Beware of intellectual dishonesty

If someone only tells you half the truth, is that as bad as telling a lie?

What science says about SLS

I recently received a comment titled “What science says about sodium lauryl sulfate.” This person (I’ll just call her “R”) quoted a study published in the journal of the American College of Toxicology which raised concerns about the use of Sodium Lauryl Sulfate (SLS) and its cousin Ammonium Lauryl Sulfate. (ALS) Here’s part of what she posted in her comment:

In its final report on the safety of sodium lauryl sulfate, the Journal of the American College of Toxicology notes that this ingredient has a “degenerative effect on the cell membranes because of its protein denaturing properties.” What’s more, the journal adds, “high levels of skin penetration may occur at even low use concentration.” Interestingly, sodium lauryl sulfate “is used around the world in clinical studies as a skin irritant,” notes the journal.

R did not provide a link to the study in question but I did find it here. Unfortunately I don’t have access to the entire study but the link does include a detailed abstract.

From what I can tell, “R” quoted the article accurately and everything she said is true. But she omitted one VERY important piece of information from the conclusion of the study. Allow me to share that with you now:

Both Sodium and Ammonium Lauryl Sulfate appear to be safe in formulations designed for discontinuous, brief use followed by thorough rinsing from the surface of the skin. In products intended for prolonged contact with skin, concentrations should not exceed 1%.

Now, I’m not a toxicologist but my interpretation of this statement is that it’s okay to use SLS and ALS in a shampoo or body wash where the use would be “ discontinuous, brief” and would be followed by “thorough rinsing.”

Misinformed or misguided?

So why did “R” neglect to mention this very important point? I can think of three possibilities:

1. She didn’t read the entire study and missed the conclusion.
This is certainly possible if she only read part of the study which was quoted out of context. Not everyone bothers to trace back the original source of such studies.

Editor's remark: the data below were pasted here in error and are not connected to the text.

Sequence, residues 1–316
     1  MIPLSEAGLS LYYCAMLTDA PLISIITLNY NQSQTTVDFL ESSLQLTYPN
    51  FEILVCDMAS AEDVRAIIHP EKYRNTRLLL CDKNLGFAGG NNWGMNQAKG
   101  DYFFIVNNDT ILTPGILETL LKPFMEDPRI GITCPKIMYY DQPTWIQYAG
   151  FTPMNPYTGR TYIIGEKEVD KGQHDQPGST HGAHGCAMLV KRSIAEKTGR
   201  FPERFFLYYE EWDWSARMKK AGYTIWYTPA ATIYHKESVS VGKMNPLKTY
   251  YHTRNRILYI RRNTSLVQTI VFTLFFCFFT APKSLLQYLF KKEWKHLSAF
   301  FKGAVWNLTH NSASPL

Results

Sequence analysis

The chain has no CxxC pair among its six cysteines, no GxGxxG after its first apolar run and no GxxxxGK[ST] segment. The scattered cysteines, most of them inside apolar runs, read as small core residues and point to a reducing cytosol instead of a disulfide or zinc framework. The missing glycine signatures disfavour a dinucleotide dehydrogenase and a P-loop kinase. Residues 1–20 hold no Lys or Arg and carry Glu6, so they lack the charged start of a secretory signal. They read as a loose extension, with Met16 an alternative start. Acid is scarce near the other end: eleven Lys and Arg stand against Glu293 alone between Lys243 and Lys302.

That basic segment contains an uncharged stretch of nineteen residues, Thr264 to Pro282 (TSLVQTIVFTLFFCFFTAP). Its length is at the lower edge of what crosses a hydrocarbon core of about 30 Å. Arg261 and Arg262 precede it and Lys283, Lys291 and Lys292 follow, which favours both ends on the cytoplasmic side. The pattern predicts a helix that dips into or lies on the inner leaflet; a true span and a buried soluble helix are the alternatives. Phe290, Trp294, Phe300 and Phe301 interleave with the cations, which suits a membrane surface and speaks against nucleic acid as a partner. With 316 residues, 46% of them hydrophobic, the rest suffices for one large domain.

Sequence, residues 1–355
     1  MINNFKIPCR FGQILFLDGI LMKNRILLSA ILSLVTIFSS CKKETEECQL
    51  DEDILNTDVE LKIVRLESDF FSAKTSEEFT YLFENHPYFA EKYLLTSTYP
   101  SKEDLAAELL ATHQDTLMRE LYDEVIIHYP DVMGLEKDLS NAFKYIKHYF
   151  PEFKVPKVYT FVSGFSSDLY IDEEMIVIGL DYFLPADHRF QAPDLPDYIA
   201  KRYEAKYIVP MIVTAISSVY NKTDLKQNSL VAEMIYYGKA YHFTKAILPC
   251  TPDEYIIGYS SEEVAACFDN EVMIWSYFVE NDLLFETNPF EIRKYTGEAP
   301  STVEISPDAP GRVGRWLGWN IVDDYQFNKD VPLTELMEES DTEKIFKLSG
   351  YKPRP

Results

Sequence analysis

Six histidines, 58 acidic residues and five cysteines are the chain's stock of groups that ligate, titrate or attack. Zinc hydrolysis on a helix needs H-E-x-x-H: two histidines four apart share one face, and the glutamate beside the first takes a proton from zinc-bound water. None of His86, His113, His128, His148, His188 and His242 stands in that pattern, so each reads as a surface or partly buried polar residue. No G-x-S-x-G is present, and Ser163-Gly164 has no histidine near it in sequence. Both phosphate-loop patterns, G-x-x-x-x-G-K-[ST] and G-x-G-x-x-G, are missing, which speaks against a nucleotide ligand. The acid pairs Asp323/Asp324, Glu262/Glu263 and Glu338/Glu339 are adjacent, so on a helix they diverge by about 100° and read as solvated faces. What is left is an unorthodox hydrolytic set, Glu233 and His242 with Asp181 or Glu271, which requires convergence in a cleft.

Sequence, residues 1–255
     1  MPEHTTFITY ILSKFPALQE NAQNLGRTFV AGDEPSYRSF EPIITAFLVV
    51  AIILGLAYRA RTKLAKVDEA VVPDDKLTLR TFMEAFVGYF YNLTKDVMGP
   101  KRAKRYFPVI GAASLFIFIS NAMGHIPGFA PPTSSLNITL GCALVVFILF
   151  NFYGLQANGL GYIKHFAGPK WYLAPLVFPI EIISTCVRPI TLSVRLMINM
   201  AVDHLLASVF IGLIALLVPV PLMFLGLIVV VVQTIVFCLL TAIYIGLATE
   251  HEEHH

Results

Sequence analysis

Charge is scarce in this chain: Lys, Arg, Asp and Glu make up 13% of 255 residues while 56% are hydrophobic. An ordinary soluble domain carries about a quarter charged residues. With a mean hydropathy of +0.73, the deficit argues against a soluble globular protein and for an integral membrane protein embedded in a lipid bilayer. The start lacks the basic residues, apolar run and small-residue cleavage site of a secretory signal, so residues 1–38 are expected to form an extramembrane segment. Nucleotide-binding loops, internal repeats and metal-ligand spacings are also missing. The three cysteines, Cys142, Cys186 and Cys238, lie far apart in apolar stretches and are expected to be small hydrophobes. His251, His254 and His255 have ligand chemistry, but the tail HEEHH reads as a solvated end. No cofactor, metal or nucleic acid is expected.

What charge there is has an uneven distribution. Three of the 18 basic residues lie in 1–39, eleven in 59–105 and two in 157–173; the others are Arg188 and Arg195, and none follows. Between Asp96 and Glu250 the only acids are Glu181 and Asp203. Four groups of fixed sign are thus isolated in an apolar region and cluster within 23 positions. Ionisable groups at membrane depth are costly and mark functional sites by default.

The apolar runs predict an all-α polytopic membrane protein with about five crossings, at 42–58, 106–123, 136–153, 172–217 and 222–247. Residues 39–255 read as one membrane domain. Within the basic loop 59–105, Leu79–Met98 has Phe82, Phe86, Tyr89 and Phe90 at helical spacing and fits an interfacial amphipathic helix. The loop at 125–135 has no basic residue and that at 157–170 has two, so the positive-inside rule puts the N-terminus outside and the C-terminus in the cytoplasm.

2. She believes the part of study which describes the potential dangers of SLS and NOT the part that says it’s okay to use SLS in the proper context.
Unless “R” is a toxicologist herself, I don’t see how she is qualified to pick and choose which parts of the study are accurate.

3. In an attempt to make her point, “R” only told us the part of the truth that served her purpose and deliberately omitted information that disagreed with her point.
If this is the case the “R” is being intellectually dishonest. I hope this isn’t so.

The Beauty Brains bottom line

My point is not to just rally support for SLS. I agree it’s one of the more harsh surfactants that formulators have to choose from. There are many ingredients which are more mild. But based on everything I’ve read in my 30 years in this industry, I agree with the study’s conclusion that SLS is not dangerous when used properly. (By the way, I’m open to changing my mind if new, legitimate, data comes to light indicating that SLS poses a health hazard from a rinse off product.) Rather, my point is that if you’re going to write something that you title ““What science says about SLS” you should make sure that you understand what the science really says. Otherwise you risk scaring other people with misinformation.

What do YOU think? Leave a comment and share your thoughts with the rest of the Beauty Brains community.